Software has bugs, this is well known. Unfortunately, bugs in some critical application contexts (e.g., avionics) can be quite dangerous. Critical software development follows processes that have been developed in order to guarantee (as much as possible) the absence of errors. Historically, such processes have been applied only to niche areas, recognized as critical. However, nowadays, with the coming of the IoT, software correctness is becoming more and more important, since a small bug in a apparently harmless appliance can be exploited (actually, they have been exploited) in order to carry out attacks against critical infrastructures. The objective of this course is to teach techniques for the development of critical software. The course is in three parts. The first part of the course is an introduction to software correctness and certification; the second part concentrates on one specific technique, namely the use of the Ranvenscar profile in the context of safety-critical concurrent software; finally, the last part gives an introduction to "engineering-level" cryptography and its correct use in critical applications.
Riccardo Bernardini (University of Udine, Italy)
Introduction to cryptography
This course aims to give an "engineering competence" about cryptography. At the end of this course the students
– will know the cryptography jargon
– will know the main cryptography building blocks (cyphers, hash functions, signatures, ...) and what they are used for – will know the most common attack techniques and how to design a system in order to thwart them.
– Introduction and jargon
– Algebraic tools
– Cryptography building blocks
– Encryption (symmetric/asymmetric/identity-based)
– Cryptographic building blocks: Hash, Signatures, Key-exchange, Random number generation,...
– Most important weakness and attack techniques
Massimo Bombino (Software Sicuro srl, Italy)
Software certification has a long story of applications in contexts where a bug can result in important damages, including loss of human lives. The classical application context of software certification is aerospace where certification proved its usefulness: up today not a single death in flight accident can be ascribed to software bugs (the recent accidents of Boeing 787 MAX was due to a system design problem, not to a software bug). Nowadays, everything is interconnected and a bug in a seemly innocent device (a smart lamp, a connected toothbrush or stereo system) can result in a major failure of a larger system (remember, for example, the 2015 case of the Jeep Cheerokee remotely controlled via a bug in the entertainment system).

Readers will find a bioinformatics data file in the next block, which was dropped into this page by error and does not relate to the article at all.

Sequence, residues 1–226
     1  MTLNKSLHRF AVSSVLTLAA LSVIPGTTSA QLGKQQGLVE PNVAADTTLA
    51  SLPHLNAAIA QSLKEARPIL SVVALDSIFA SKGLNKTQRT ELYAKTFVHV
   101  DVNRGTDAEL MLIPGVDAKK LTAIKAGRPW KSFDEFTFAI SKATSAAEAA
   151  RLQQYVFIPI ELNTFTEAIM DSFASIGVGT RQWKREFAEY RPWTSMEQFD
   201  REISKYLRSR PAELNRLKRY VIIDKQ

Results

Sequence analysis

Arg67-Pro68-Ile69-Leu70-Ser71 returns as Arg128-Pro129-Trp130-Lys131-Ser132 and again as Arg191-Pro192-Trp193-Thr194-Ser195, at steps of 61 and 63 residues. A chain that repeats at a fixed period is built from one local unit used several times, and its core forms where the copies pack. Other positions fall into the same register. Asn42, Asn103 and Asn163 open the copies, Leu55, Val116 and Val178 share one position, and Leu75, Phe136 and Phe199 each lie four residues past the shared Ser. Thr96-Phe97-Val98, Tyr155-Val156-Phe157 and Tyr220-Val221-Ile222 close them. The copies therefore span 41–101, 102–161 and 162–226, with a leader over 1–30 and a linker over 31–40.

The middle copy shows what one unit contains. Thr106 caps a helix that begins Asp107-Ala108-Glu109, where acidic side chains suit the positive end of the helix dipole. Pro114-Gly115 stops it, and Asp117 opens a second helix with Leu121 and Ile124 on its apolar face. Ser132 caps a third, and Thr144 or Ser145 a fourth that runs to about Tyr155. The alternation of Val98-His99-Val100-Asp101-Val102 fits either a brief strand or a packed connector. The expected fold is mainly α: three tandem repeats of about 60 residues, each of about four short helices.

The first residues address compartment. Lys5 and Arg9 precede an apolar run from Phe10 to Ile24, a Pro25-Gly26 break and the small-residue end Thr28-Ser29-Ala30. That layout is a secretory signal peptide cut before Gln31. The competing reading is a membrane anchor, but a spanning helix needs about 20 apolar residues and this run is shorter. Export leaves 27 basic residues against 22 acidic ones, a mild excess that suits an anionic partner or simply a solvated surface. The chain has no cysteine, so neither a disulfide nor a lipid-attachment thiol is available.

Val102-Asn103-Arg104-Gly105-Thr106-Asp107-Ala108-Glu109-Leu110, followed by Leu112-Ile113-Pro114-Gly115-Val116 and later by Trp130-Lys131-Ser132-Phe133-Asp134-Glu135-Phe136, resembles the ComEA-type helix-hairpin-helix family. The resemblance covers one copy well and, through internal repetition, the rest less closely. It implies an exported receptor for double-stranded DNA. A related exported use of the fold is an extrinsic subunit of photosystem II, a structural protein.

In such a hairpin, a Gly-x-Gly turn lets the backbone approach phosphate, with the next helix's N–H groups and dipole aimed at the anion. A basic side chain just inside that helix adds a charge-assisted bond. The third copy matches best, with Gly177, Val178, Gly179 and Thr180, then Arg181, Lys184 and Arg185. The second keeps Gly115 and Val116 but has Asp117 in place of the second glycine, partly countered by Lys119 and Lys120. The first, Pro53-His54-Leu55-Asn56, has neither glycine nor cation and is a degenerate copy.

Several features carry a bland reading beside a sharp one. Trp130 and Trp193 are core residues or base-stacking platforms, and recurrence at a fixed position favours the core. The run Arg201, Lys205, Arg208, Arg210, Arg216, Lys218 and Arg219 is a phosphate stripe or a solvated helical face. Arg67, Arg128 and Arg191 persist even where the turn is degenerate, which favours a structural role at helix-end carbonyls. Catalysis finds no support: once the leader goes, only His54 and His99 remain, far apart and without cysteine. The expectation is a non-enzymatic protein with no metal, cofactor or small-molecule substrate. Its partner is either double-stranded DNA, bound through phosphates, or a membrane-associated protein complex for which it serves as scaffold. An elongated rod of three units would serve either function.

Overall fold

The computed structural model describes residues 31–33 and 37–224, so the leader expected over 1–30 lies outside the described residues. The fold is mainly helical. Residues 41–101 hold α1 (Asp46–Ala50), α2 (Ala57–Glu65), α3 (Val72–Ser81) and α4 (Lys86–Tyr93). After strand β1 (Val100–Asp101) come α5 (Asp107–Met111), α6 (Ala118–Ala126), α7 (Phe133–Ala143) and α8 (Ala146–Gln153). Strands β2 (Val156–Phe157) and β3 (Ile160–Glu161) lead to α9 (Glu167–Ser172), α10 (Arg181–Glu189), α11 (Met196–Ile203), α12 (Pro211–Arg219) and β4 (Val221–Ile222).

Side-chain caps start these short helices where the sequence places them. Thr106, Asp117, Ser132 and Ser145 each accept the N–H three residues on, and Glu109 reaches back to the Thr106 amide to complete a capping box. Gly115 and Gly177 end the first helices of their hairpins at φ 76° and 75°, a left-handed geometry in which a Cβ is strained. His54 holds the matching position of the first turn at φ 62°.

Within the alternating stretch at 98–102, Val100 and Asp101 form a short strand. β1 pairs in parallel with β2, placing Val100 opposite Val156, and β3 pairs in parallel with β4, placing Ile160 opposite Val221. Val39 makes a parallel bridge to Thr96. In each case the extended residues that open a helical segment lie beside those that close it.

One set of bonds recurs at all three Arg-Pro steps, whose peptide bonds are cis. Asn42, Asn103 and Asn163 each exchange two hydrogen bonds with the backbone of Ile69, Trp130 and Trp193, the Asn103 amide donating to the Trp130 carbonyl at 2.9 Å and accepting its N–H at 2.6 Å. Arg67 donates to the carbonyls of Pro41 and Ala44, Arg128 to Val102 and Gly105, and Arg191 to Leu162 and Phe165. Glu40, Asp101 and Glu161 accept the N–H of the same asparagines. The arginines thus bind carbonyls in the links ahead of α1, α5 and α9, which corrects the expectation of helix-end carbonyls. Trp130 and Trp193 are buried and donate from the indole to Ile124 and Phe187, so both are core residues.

The emergence of IoT and consequent damages done by hackers exploiting buggy IoT devices, it is forcing the public to pay more attention to software correctness and it is reasonable to assume that in few years the need for software certification will leave aerospace to colonize all the software application areas: IoT, business software, AI, ...
The objective of this one-day seminar is to introduce the students to the concept of software certification, starting from the ideas behind certifications, moving to the DO-178C (the American certification standard for aviation) and completing with the study of some practical cases from real world.
– Software correctness: definition, theory and applications
– Safety-critical software and certification standards
– Avionics standard DO-178C and other derived certifications
– Principles of DO-178C: Plans, Standards, Process, Checklists, Deliverables
– Evolution of Software Certification and Correctness: Modeling, Formal Methods